They arranged themselves in her mind like so many paintings, with gaps for those cards still in a pile or in another player’s hands. She might have found it impossible to explain to her old tutor which English King took the throne at what date, but it was the simplest of matters to calculate the likely location of the One was text and the other was picture—pictures formed in her mind like some kind of magic, while memorizing text was impossible, her mind a veritable sieve. Cards seemed as old friends that she’d known all her life. The cards spoke to her, and sometimes the backs even told her things. There might be the tiniest of variations in the design—a minute drop of ink or the smallest smudge. There might be a slight bend of a corner and she would know it was the nine of clubs. Over the course of an Piquet was her particular game of choice. The thirty-two cards arrayed themselves in her thoughts, very helpfully providing their various locations—in her own hand, played, on the table, or in her opponent’s hand. Once she and her opponent had declared, she was able to make reasonable guesses at what her foe held. Piquet had the further benefit of being a game with only two players.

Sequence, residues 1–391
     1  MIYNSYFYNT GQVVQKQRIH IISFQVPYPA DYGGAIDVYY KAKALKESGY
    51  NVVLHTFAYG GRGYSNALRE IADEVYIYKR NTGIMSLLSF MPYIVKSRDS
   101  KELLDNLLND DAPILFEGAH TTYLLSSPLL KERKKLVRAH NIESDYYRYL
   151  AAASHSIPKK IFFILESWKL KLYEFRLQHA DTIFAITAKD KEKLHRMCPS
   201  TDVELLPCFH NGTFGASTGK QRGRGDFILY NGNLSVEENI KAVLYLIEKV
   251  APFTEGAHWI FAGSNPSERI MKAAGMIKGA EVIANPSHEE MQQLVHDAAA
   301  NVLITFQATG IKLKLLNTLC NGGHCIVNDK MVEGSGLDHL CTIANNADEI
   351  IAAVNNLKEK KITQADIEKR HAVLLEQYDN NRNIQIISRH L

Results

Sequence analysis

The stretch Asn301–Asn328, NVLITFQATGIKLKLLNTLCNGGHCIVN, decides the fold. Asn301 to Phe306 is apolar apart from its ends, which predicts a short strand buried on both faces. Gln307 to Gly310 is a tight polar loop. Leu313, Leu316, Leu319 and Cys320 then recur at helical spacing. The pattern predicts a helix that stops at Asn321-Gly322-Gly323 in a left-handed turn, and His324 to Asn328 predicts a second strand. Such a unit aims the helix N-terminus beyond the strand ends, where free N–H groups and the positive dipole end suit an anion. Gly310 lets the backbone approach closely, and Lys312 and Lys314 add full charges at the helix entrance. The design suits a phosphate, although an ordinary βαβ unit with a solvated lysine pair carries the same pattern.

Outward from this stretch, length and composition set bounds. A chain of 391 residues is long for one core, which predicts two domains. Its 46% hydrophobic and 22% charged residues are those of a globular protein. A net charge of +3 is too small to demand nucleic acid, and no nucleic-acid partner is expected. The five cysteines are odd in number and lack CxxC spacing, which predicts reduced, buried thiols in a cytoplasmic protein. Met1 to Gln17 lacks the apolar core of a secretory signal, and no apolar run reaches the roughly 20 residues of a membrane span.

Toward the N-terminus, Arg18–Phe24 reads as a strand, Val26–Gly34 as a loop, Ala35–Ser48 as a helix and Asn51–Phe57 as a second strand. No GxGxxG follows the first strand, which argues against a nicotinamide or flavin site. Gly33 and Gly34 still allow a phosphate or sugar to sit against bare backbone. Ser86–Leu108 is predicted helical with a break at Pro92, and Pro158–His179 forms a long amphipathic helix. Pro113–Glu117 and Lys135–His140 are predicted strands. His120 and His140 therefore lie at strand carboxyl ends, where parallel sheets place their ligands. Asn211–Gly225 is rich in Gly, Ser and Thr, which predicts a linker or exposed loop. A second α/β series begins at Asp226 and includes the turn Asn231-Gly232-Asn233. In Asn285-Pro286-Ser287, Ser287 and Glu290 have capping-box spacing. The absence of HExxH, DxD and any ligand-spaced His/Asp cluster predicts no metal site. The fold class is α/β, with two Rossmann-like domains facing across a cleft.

Aside from her skill at cards, Lily also claimed a skill at faces and more importantly—hands. A skilled player might become adept at concealing various expressions, but they always forgot about their hands. A person holding strong cards moved smoothly and confidently. A person unsure of their hand moved ever so slightly less so and would often re-check their cards. The signals came to her as Further, she could not bear to play with a partner. There was nothing worse than being saddled with an incompetent at a whist table. Unfortunately, there were far too many people sitting themselves The money had been slowly collected, pound by pound and guinea by guinea. Now, all of this finery sent from three generous ladies must be packed and readied. She would leave for London in the morning. Thanks to Cassandra and her friends, Lily Farnsworth would arrive for her season appearing just as prosperous as any other young lady.